Arizona Western College offers various programs that prepare students for employment in the refrigeration and air conditioning industry. Students will receive training in a number of areas including electrical controlling devices, repair, troubleshooting, and maintenance of A/C units, and safety factors involved in the use of refrigerants.

The following four programs are offered:

Occupational certificate, basic air conditioning and refrigeration service technician – This program comprises 20 credit-hours. It includes courses such as introductory craft skill, air conditioning and refrigeration 1 and 2, air conditioning and refrigeration motors, circuits/controls, control systems, and heating technology.

Occupational certificate, air conditioning and refrigeration – This certificate is made up of 38 credit-hours and includes all the above courses, with the addition of air conditioning and refrigeration 3 and 4, heat and load calculations and duct design, light commercial systems, employee and occupational safety, techniques in flux-cored arc welding, techniques in oxyacetylene welding/cutting, techniques in shielded metal arc welding, and techniques in gas metal arc welding.

Associate in applied science (AAS) degree in air conditioning – This program consists of 64 credit-hours. It includes all the courses mentioned above, with the addition of basic electricity, technical writing, introduction to entrepreneurship, and general education courses such as introduction to composition, and mathematics for the applied sciences.

Associate in applied science degree in air conditioning (STEM emphasis) – This STEM emphasis AAS degree program is made up of 75 credit-hours and includes nearly all courses from the program mentioned above. This program provides courses in the air-conditioning and technical subject areas as well as the required general education courses to prepare students to transfer to a university.

  • Location: Yuma, Arizona
  • Accreditation: Higher Learning Commission
  • Estimated Time to Completion: AAS degree (24 months); certificate programs (six to 12 months)
  • Estimated Tuition: Arizona and California residents ($88 per credit-hour); out-of-state residents ($98 per credit-hour)

Those Arizona students who are unable to complete an on-campus program may want to consider online HVAC training. For more information on programs available in an online format, visit the online HVAC training page on this site.

Arizona HVAC Licensing and Certification

There are three categories of licenses offered for HVAC technicians in Arizona, all of which are available through the Arizona Registrar of Contractors.

The C-39 license, for air conditioning and refrigeration, is applicable to those technicians wanting to engage in “installation, alteration, and repair of refrigeration and evaporative cooling systems.” A C-39 license also allows the recipient to work with solar technology. The class “C” indicates that this is a license for specialty residential contracting.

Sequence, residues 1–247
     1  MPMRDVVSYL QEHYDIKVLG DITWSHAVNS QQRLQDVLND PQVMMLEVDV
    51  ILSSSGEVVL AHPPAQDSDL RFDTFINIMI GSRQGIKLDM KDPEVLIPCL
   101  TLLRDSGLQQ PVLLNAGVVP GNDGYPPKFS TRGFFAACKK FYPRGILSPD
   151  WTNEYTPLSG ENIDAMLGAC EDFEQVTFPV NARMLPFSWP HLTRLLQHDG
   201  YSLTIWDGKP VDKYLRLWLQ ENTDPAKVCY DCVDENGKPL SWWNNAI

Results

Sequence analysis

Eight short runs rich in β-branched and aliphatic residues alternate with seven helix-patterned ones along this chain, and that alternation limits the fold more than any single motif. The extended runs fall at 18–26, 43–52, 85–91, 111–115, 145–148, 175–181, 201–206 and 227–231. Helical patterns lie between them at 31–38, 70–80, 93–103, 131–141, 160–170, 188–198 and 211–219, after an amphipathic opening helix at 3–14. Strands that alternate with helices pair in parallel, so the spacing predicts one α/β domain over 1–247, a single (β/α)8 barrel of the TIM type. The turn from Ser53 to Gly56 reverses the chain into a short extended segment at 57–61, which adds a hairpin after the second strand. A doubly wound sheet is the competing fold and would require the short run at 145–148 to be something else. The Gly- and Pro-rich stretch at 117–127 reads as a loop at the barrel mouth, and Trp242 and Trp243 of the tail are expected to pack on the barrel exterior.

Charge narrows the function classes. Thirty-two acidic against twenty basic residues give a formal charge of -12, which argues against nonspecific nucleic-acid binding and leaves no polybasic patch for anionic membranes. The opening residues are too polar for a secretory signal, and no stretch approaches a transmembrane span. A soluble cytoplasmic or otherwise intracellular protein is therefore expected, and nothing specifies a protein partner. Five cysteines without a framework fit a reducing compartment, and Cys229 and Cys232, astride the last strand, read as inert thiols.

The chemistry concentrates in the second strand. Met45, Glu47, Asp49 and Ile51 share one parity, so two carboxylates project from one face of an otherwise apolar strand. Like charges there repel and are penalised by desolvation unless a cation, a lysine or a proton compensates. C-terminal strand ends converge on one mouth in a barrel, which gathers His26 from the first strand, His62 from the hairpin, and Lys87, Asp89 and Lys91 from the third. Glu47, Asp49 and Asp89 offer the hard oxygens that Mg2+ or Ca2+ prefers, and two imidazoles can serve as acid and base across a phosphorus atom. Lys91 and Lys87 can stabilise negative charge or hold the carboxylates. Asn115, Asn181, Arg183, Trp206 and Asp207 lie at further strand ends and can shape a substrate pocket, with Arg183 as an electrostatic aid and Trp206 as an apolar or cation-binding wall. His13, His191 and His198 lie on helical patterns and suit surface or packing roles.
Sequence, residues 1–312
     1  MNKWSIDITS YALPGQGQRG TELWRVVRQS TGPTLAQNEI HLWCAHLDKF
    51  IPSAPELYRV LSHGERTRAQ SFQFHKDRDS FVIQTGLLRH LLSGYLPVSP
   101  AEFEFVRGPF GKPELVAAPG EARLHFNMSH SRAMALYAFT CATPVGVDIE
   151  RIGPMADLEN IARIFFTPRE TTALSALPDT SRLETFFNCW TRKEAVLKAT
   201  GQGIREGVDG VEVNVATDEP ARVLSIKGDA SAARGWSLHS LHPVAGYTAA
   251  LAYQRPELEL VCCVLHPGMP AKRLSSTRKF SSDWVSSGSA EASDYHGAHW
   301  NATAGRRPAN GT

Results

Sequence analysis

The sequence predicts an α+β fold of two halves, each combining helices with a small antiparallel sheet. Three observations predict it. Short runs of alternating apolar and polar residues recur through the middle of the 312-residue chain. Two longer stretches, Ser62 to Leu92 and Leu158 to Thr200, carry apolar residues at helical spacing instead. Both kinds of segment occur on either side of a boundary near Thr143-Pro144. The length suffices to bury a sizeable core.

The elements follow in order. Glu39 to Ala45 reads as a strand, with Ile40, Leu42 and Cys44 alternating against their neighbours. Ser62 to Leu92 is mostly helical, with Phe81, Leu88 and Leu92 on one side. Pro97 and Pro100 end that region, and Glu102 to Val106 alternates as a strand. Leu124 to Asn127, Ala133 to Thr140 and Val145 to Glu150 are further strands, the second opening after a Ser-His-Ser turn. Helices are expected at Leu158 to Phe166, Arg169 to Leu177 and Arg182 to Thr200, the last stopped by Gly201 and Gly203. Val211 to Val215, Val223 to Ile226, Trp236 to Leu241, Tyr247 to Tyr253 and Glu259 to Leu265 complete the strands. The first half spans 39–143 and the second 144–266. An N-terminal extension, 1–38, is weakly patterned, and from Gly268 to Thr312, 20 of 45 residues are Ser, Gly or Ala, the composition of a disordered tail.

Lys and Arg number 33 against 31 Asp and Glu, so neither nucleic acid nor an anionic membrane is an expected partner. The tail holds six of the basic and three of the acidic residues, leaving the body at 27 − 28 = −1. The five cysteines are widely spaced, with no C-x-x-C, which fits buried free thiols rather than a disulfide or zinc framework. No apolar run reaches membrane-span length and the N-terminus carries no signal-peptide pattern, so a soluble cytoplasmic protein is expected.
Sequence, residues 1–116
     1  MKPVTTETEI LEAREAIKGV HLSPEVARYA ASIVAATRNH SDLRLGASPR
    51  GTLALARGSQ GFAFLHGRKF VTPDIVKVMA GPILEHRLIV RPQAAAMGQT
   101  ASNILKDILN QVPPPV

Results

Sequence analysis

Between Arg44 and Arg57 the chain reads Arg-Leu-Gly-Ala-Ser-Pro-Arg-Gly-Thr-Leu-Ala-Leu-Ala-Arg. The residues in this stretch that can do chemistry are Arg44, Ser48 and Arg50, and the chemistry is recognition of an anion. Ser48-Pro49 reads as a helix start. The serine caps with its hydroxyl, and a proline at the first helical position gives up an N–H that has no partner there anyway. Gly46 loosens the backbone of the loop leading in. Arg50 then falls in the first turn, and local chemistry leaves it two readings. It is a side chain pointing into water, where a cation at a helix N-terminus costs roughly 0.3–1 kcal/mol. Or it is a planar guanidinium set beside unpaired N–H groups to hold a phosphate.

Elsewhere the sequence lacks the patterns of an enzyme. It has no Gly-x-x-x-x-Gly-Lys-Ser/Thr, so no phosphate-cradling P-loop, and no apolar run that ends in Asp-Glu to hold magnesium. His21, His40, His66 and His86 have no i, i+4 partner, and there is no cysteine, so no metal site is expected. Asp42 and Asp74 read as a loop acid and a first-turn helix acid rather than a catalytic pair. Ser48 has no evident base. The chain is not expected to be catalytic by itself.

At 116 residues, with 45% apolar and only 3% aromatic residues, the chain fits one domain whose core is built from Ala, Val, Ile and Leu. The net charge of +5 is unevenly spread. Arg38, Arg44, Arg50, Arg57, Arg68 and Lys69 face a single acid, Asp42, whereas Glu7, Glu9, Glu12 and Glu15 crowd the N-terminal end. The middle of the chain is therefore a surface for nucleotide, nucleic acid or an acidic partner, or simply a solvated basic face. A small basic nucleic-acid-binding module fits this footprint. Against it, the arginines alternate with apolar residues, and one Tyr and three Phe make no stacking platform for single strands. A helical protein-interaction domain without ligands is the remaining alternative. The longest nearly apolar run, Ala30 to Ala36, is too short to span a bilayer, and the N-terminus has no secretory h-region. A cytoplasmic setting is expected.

The C-49 license, indicated solely for commercial and industrial refrigeration, is an appropriate choice for those technicians who will engage in the “installation, alteration, and repair of refrigeration equipment and systems used for processing, storage, and display of food products and other perishable commodities.” This license includes “commercial, industrial, and manufacturing processes requiring refrigeration.”

The final license relevant for HVAC technicians is the C-58 license, indicated for comfort heating, ventilating, and evaporative cooling. This license is specific to the “installation, alteration, and repair of warm air heating systems, gas-fired furnaces and space heaters, ventilation and evaporative cooling units, or any combination of these.”

In addition to state-specific licensing (as well as any licensing that a municipality may require), all HVAC technicians working with refrigerants must obtain the EPA Section 608 certification. Most HVAC training programs prepare students to sit for this exam during the course of their training but some individuals may need to obtain this on their own. Four types of Section 608 certification are available so new technicians should choose the one that is most applicable to the work they will do:

  • Type I: For servicing small appliances
  • Type II: For servicing or disposing of high- or very high-pressure appliances, except small appliances and MVACs
  • Type III: For servicing or disposing of low-pressure appliances
  • Type IV: Universal

Anyone interested in becoming an HVAC technician in Arizona should be sure to verify which credentials specifically are required for the region where they want to work.

Finally, check out the HVAC certification guide to learn more about national credentials for these skilled professionals.

Farheen Gani

Farheen is a freelance writer, marketer, and researcher. She writes about technology, education, and marketing. Her work has appeared on websites such as Tech in Asia and Foundr, as well as top SaaS blogs such as Zapier and InVision. You can connect with her on LinkedIn and Twitter (@FarheenGani).